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Spector overcomes injury woes to re-enter the picture

LONDON -- Expect plenty of time on the treatment table if you play for West Ham.

The injury list at Upton Park perennially lingers, with the likes of influential striker Dean Ashton and roving midfielder Kieron Dyer -- OK, he's always hurt, no matter what the club -- missing chunks of the current campaign. Former manager Alan Curbishley blamed the malaise on training-ground pitches in East London, a theory only partially accepted by the Hammers' passionate, and always expectant, fans.

Whatever the reason, the curse afflicted Illinois utility man Jonathan Spector last season just as the 23-year-old began to cement a spot at one of England's most famous sides. Mind you, not as famous as Spector's first team in the Premier League, quintuple-chasing Manchester United, which produced jack-of-all trades duo Phil Neville and John O'Shea.

Spector returned to first-team action in December after hip surgery, though injuries to teammates -- of course -- have meant a slight increase in action under popular pint-sized Italian Gianfranco Zola, Curbishley's successor.

Spector spent time on loan at Charlton under Curbishley before switching to West Ham three years ago.

"Coming back from injury is always difficult, especially being out for an extended period of time," Spector said. "On top of that there's the new manager and new players. I knew coming in it would be a tough season this year, but at the same time, the manager stressed he wants me to be at the club. I had some loan options turned down because he wanted me to stay."

According to Spector, who inked a new three-year deal in November, West Ham rejected overtures by Sunderland, a few Championship sides and Germany's FC Koln in the January transfer window.

He made his lone start in a 2-1 loss at Bolton on Feb. 21, lining up at right back and setting up Scott Parker's consolation effort; entered as a midfield sub in a 1-0 win at Wigan on March 4 when top prospect Jack Collison sustained a freakish knee injury; and surfaced in the first half of a dour 0-0 stalemate Monday at home against bottom-feeders West Bromwich Albion that dented West Ham's UEFA Cup (Europa League for the technical-minded) chances.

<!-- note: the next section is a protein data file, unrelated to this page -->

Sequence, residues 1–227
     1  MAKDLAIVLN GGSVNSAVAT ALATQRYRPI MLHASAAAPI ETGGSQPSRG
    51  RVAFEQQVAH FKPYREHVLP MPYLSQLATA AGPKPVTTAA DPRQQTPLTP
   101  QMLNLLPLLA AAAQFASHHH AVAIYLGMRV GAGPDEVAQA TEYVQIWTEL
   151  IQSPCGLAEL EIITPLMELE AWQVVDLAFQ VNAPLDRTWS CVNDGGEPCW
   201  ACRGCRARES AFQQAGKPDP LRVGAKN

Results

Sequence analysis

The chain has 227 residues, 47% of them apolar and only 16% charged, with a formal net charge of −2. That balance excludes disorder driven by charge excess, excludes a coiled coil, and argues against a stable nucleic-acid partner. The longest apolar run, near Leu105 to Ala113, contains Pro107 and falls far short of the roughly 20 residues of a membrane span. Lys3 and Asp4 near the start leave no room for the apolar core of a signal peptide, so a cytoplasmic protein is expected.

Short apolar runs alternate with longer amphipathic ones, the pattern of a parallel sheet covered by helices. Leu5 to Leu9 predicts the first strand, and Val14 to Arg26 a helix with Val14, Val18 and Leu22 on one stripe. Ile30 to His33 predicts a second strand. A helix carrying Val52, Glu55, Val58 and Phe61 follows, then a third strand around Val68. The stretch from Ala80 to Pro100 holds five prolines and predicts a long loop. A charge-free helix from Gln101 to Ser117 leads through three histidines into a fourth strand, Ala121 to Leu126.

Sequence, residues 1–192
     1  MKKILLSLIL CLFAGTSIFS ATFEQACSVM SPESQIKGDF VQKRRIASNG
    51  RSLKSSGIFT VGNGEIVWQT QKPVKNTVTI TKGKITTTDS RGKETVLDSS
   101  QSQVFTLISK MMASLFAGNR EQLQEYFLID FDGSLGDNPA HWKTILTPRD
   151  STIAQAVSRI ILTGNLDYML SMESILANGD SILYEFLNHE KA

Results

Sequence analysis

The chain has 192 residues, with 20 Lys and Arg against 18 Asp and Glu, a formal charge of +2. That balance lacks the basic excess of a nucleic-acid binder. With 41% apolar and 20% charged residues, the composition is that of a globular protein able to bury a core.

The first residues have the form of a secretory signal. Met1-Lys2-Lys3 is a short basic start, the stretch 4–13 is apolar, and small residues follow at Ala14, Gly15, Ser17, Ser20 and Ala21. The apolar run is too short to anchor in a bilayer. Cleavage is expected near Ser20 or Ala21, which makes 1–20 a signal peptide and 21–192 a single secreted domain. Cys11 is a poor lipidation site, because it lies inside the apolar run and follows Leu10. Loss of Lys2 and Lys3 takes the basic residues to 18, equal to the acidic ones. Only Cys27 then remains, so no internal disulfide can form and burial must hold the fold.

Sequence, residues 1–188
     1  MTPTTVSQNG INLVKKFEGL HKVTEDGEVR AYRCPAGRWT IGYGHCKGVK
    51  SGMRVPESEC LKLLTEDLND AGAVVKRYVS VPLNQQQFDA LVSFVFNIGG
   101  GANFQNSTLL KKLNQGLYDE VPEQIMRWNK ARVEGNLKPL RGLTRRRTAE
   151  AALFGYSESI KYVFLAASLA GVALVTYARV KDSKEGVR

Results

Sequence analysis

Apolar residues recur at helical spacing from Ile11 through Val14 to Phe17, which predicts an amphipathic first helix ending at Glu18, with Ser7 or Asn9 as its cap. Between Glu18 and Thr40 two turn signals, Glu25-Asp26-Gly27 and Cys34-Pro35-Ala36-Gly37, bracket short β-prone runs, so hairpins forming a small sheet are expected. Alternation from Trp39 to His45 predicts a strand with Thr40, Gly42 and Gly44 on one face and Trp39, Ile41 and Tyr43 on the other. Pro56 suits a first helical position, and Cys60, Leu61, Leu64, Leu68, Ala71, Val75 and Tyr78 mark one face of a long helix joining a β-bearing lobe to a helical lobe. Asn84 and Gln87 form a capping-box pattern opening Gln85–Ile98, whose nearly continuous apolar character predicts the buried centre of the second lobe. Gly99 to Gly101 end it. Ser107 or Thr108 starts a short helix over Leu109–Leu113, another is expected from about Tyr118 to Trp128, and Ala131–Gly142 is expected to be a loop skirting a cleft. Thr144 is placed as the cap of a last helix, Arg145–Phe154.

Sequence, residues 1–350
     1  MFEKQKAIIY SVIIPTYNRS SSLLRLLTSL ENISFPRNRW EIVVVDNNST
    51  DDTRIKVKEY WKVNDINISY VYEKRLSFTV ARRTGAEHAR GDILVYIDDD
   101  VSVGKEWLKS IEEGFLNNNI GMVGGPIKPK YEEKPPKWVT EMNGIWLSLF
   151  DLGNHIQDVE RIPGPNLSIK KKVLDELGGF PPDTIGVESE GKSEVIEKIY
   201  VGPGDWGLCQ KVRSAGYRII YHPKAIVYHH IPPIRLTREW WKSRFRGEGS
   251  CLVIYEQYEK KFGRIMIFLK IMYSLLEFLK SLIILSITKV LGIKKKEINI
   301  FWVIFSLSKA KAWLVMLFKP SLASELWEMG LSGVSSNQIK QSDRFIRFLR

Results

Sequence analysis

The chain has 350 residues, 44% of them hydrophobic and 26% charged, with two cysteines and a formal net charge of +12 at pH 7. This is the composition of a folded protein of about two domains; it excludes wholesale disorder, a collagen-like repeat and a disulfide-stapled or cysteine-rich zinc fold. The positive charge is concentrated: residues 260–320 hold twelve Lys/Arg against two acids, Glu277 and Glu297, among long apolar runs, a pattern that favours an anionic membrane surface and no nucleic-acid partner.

This time, central defender Matthew Upson got struck down, thanks to a calf problem, and Spector strode on as a right back after a reshuffle, marking a fifth appearance since his comeback. Zola overlooked Spector for a midfield start, opting for the flashy Savio Nsereko and on-loan Czech Radoslav Kovac with Collison, Dyer and Swiss international Valon Behrami sidelined. The U.S. international picked his spots going forward, unlike left back Herita Ilunga, less averse to exercising caution.

Despite his fondness for playing in the center of defense, a position he adopted at under-23 level, Spector sees his future in England at right back.

He's unworried about his style not meshing with Zola's attacking philosophy. Curbishley, gone in September, employed more conservative tactics, and Spector's new deal, in the works for a while, picked up steam when the Englishman was at the helm.

"To be honest, I like the way the manager has us playing," Spector said. "It is attacking, which the fans have enjoyed, and we've had a fair amount of success playing that way. I'm a defender naturally, so I didn't expect to come on in midfield Monday. But it looks like a few opportunities may open up for me, and now it's down to me to make the most out of them."

What do those West Ham fans make of Spector?

"I think he's one of these players most people think is never going to be a star," said Iain Dale, a political commentator and writer who runs the West Ham Till I Die Web site. "He's not going to score many goals and dribble for 40 yards. But he's quite reliable and very useful, and every team needs a player like that."

If current right back Lucas Neill departs when his contract expires in the summer, Spector might finally have a stable position. Then again, as Dale suspects, Zola could buy a replacement.

Anything that develops in the next two months is a bonus.

Spector made his 26th and final appearance of the 2007-08 season in April, the hip keeping him out thereafter. Training with the national team ahead of glamorous friendlies against England, Spain and Argentina, he was diagnosed with a torn labrum. A pitch had nothing to do with it; Spector blamed genetics.

His hopes of competing at the 2006 World Cup dashed because of a dislocated shoulder, Spector endured more disappointment, missing out on the 2008 Olympics in Beijing.

The right hip won't ever be 100 percent. A realistic target is getting it above 90 percent.

"I couldn't be happier with how I've felt," Spector said. "The surgeon actually expected that I'd have pain my entire first season back. I haven't really had any pain or discomfort even after the surgery. I'm totally surprised how well it healed and how much stronger everything around my hip is. I continue to do the exercises I was given by the trainers and physiotherapists and just stay on top of it."

Ravi Ubha is a London-based freelance journalist covering Americans abroad for ESPNsoccernet. He also covers tennis for ESPN.com.

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